All around her flitted a cloud of tiny, winged Fae, who tended to her as if she were a queen in waiting. Which, he realized suddenly, she was. As the last of her kind, she by default was the Queen of the Asrai.
Humming like a swarm of honeybees, the Faeries combed and braided her white-gold hair, washed a smudge of dirt from her nose, handed her damp handfuls of moss with which she cleaned herself, rubbing it over her skin—all her skin—in slow, sensual delight.
More Faeries brought her sips of water and a sticky substance that looked like nectar, cupped in spring flowers. She tipped her head back and accepted their offerings on her tongue, smiling and licking her lips after each taste, catching stray droplets on her fingers and licking them, too.
The ache in his groin hardened into a painful knot. Blood pounded in his ears so hard that for a second he couldn’t trust himself to move. Despite the lust that roared through his veins, he remained conscious of the delicacy of her small, fragile body. She’s like porcelain. Like one wrong touch could break her.
Yet for that second, he understood what had driven Blaen of CraighMhor to risk everything for one night with a Fae.
And he lost it all, Michael reminded himself.
As if she sensed his eyes upon her, she turned her head and looked at him. She blinked once, slowly, and the smile on her face grew brighter. She held out her hand.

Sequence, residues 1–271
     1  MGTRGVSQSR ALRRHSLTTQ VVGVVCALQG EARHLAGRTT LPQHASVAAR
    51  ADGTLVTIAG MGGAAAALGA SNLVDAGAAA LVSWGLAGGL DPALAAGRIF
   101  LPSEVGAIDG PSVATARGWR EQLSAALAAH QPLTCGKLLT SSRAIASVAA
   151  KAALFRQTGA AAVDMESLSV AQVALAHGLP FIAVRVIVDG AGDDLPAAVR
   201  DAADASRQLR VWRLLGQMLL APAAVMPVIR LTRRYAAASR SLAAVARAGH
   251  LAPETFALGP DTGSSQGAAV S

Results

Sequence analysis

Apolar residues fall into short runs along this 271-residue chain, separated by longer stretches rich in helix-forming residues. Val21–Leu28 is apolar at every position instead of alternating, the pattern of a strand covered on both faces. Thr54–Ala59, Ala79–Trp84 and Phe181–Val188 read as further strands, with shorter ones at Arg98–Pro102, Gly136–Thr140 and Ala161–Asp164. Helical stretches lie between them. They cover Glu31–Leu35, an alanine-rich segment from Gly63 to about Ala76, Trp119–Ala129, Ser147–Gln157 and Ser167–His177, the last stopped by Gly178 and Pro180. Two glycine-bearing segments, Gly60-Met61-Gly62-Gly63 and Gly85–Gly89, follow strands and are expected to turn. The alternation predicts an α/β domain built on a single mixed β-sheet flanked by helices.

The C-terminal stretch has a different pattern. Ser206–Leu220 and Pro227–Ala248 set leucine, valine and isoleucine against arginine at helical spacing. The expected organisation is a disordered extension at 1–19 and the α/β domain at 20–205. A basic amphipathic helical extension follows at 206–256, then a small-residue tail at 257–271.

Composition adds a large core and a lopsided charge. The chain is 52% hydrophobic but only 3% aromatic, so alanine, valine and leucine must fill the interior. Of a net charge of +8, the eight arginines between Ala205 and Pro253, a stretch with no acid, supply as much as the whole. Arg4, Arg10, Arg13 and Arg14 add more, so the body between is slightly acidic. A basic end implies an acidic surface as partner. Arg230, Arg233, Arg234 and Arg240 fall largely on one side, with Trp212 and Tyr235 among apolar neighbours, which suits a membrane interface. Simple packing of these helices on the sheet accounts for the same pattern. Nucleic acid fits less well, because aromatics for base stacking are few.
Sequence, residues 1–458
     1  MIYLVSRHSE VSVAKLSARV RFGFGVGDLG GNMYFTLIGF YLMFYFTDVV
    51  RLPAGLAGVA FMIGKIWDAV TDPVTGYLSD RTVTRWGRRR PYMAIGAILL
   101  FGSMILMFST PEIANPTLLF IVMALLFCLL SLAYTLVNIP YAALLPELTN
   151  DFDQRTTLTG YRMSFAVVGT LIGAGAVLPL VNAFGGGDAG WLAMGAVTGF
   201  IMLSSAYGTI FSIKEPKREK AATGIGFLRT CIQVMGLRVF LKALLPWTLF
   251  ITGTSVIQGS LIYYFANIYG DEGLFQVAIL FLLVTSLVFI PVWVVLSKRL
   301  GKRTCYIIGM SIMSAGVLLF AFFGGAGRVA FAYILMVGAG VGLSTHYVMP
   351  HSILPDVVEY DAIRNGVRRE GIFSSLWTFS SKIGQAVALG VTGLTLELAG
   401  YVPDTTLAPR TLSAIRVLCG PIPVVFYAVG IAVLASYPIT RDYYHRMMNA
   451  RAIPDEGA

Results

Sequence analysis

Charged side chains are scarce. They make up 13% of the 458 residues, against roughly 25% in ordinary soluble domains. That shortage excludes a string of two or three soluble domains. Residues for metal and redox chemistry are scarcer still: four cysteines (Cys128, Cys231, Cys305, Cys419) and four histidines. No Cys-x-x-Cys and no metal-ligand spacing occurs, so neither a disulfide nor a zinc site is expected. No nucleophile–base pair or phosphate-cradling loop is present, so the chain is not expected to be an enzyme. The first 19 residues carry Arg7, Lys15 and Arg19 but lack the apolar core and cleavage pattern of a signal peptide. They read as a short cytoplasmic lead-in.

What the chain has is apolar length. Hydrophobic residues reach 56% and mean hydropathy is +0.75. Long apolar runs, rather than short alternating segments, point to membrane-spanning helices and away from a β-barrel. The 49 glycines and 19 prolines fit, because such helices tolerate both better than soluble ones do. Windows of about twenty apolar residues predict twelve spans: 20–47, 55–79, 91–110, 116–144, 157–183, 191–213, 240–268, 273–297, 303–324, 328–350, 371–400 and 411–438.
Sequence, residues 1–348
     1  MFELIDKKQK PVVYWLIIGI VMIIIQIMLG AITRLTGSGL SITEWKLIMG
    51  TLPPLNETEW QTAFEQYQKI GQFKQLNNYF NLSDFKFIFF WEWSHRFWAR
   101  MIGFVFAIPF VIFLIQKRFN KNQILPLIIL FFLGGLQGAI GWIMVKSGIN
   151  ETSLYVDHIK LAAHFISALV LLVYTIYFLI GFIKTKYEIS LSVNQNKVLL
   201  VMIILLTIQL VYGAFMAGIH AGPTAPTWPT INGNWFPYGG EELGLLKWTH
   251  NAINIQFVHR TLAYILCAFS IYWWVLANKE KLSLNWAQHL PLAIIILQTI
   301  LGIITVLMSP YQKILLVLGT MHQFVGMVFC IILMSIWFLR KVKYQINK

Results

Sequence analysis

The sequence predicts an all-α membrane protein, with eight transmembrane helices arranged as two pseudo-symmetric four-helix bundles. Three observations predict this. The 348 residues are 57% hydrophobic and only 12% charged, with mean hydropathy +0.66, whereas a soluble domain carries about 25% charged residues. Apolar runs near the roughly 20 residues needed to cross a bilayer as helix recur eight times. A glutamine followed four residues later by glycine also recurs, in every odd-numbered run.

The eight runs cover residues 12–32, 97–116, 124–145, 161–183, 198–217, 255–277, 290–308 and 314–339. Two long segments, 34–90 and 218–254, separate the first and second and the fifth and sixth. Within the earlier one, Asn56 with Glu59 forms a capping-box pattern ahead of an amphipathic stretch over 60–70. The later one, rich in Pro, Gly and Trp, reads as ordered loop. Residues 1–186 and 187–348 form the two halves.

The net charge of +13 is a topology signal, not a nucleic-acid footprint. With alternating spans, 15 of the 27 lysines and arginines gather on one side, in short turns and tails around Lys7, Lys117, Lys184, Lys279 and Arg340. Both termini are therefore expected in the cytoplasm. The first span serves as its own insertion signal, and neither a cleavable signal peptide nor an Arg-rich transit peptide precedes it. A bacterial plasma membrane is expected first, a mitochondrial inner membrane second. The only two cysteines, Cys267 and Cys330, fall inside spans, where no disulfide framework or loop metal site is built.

Abruptly, the attending Faeries screeched and scattered. Only one stayed, hovering above and just behind her golden head. Its buzzing grew into a snarl, and before Michael’s eyes it changed from a thimble-sized thing to a fox. It bared its fangs and bunched its muscles to spring at Abby’s unprotected back.
With a sickening lurch that took him back to his combat days in the Marines, time slowed to a crawl. Every detail of the scene sprang into sharp relief. Before Michael could do more than shout a warning, Abby’s face went blank.
Then, as the fox sprang, she changed into a statue of clear, hard ice.
The fox yowled in frustration as it clawed and bit at the back of her neck, but managing no more than a few superficial scratches.
Michael took advantage of the time she had given him by lunging into the caravan to retrieve the rusted sword. He lay hands on his rucksack and threw himself out of the caravan, pulling the sword out and dropping the bag on the ground as he ran, spilling the contents.